Influence, anorexia and the body beautiful

half_face.jpgOnline media journal Stay Free! Daily takes a critical look at a recent newspaper report that anorexia is ’caused’ by a brain dysfunction rather than pressure from society.

The story is based on a recent paper from a research group led by psychiatrist Bryan Lask.

Their study found decreased blood flow in a variety of brain areas in a group of adolescents with anorexia, but found that this was not actually linked to any features of the eating disorder, contrary to what the newspaper headline suggests:

There appears to be no association between this reduction in blood flow and cerebral dominance, nutritional status, length of illness, mood, or eating disorder psychopathology. However, there is a significant association between reduced blood flow and impaired visuospatial ability, impaired complex visual memory, and enhanced
information processing.

This suggests that the underlying brain changes in anorexia do not directly affect eating, food or body perception – they are much more general.

How then, does this lead to anorexia ? Lask and his team suggest that a part of the brain called the limbic system might be involved, and that:

Within specific setting conditions such as sociocultural pressures to be thin and a driven and perfectionist personality, the limbic system imbalance may be triggered by such factors as puberty, dieting, weight loss, and various stressors.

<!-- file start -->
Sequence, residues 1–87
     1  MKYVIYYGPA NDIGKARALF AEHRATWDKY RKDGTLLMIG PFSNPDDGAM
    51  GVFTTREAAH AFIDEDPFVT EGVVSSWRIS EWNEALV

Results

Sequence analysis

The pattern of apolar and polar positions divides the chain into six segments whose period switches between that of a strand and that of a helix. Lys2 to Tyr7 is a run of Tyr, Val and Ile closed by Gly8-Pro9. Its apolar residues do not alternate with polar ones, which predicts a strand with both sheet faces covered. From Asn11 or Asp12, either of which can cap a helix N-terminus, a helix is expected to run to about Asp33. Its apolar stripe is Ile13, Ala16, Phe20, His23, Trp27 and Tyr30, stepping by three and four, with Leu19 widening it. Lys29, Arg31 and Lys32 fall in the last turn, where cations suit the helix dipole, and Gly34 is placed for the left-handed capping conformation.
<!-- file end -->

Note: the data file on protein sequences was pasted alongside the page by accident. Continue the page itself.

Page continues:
In other words, without the pressures from society and a ‘perfectionist personality’, people who have these differences in brain function are unlikely to become anorexic. People who have both therefore, are at the greatest risk of wanting to starve themselves.

A recent study published in the British Journal of Psychology gives us a clue as to what might cause this pressure to be thin.

Researchers showed participants pictures of female bodies, digitally altered to be wider or more thin than average, and then asked them to pick out most attractive body shapes from a range.

After being shown thin bodies, participants tended to pick thinner bodies as the most attractive.

The authors argue that perception of attractiveness and beauty are relative to our experience of the most common body shape, suggesting that the promotion of thin bodies in the media may distort our idea of attractiveness by affecting the ‘data’ on which we judge normality.

Link to Stay Free! article.
Link to abstract of anorexia / neuroscience study.
Link to body shape study.

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